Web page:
How Many Tasmanian Languages Were There?

February 3, 2012

Claire BowernThe languages of Tasmania have been something of an enigma. The data are difficult to work with; they were recorded from multiple speakers in multiple locations, with little accompanying analysis. They are non-phonemic and recorded by non-speakers of the languages (and in the absence of other phonemically recorded data they are difficult to interpret). We are unsure currently of how many languages were spoken in Tasmania at the time of European settlement, how many groups (or families) they fall into, and how those groups should be subgrouped.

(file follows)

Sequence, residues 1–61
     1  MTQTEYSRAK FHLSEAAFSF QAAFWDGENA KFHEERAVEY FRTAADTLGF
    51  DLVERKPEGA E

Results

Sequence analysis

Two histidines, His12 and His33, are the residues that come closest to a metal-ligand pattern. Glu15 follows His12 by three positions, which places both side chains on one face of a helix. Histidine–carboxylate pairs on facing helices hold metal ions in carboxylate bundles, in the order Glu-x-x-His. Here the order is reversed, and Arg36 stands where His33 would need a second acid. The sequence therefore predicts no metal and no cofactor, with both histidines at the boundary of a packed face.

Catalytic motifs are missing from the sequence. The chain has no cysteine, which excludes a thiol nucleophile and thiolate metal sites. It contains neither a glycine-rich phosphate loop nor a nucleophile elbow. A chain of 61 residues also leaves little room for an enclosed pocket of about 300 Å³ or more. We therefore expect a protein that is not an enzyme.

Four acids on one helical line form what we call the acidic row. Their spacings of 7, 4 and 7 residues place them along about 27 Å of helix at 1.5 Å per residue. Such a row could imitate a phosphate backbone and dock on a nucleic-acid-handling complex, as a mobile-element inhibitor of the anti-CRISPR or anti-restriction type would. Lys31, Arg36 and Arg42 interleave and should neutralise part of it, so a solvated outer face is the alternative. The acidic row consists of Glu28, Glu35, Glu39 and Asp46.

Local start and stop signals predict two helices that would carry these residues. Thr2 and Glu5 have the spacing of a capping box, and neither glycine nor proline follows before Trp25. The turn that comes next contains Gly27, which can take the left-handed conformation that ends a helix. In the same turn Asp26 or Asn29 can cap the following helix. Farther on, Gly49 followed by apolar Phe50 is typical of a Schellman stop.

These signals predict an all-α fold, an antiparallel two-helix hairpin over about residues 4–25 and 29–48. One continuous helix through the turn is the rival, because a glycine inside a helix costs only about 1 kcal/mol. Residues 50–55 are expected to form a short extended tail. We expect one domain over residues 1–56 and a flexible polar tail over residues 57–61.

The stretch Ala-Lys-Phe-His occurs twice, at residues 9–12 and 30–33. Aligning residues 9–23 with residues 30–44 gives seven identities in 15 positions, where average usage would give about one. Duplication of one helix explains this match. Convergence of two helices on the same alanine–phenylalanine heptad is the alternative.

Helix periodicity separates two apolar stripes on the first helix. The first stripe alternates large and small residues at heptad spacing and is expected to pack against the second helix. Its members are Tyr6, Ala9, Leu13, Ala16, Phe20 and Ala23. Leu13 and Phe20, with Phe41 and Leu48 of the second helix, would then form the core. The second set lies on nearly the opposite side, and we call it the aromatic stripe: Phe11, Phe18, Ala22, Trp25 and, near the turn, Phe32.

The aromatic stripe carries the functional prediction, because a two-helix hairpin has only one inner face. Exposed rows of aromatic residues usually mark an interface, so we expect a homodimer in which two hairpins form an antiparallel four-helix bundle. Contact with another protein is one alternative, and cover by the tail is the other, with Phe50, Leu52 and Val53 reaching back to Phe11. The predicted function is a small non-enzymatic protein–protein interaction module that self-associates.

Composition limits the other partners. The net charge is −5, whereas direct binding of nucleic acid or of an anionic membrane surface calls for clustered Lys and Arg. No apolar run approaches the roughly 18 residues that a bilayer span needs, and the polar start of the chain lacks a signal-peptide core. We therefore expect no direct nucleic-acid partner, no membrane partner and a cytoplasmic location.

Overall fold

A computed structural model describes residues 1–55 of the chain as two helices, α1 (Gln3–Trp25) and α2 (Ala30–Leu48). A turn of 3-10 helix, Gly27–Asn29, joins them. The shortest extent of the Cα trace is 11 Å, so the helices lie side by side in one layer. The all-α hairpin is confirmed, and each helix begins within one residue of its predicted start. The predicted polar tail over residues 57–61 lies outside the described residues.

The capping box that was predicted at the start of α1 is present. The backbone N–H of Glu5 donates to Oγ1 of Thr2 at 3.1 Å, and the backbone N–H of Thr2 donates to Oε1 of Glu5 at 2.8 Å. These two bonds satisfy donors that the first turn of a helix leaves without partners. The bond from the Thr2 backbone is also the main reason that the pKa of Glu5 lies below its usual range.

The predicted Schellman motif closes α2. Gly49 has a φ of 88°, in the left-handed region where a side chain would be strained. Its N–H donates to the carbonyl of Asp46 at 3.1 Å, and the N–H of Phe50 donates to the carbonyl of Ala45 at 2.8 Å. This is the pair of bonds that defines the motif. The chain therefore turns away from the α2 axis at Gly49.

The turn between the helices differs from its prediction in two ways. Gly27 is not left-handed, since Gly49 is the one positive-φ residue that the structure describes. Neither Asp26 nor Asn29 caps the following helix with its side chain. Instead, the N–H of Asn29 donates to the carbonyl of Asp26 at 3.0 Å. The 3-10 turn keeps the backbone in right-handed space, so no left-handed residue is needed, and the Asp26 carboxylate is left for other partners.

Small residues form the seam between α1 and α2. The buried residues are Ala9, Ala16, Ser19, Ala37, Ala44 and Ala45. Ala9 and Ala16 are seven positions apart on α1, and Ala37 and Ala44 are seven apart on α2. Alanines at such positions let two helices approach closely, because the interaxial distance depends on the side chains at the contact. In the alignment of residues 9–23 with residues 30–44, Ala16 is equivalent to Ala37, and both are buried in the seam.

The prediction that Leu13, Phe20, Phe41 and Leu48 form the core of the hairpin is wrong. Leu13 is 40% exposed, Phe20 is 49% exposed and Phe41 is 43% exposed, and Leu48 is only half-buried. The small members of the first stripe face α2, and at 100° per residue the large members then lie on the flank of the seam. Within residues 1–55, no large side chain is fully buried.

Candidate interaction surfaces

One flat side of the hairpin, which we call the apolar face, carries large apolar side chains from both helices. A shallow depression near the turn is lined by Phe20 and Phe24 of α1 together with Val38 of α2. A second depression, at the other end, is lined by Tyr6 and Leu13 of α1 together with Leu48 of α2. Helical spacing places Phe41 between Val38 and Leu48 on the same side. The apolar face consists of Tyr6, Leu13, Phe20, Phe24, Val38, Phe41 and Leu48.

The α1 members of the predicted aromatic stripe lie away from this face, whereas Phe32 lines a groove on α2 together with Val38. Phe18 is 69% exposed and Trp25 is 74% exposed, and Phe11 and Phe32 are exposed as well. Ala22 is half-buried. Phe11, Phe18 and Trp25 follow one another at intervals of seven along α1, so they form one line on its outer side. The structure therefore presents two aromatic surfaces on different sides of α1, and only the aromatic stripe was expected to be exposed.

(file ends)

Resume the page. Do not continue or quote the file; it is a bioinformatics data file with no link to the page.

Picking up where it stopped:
Previous work on Tasmanian languages has varied in the number of languages assigned to the island. Wurm (1972) suggests that there were just two languages, one in the Northern part of the Island and another in the south. Dixon and Crowley (1981) tentatively state that there were perhaps five, but perhaps as many as twelve. Horton (1994) has 6 areas, but the source of his information is not known. No previous work has made full use of Plomley's (1976) compilation of extant resources on the languages of Tasmania.

In this paper I present the results of a phylogenetic analysis of the languages in order to discover 1) how many languages are represented in the data, 2) how many families they are likely to belong to, and 3) how these categorizations relate to the more than 40 tribal and band groupings, which are fairly well described in the literature. I show how techniques from population biology can be used to classify wordlists of unknown origin.

Lattimore 513

Presented by: Claire Bowern, Yale University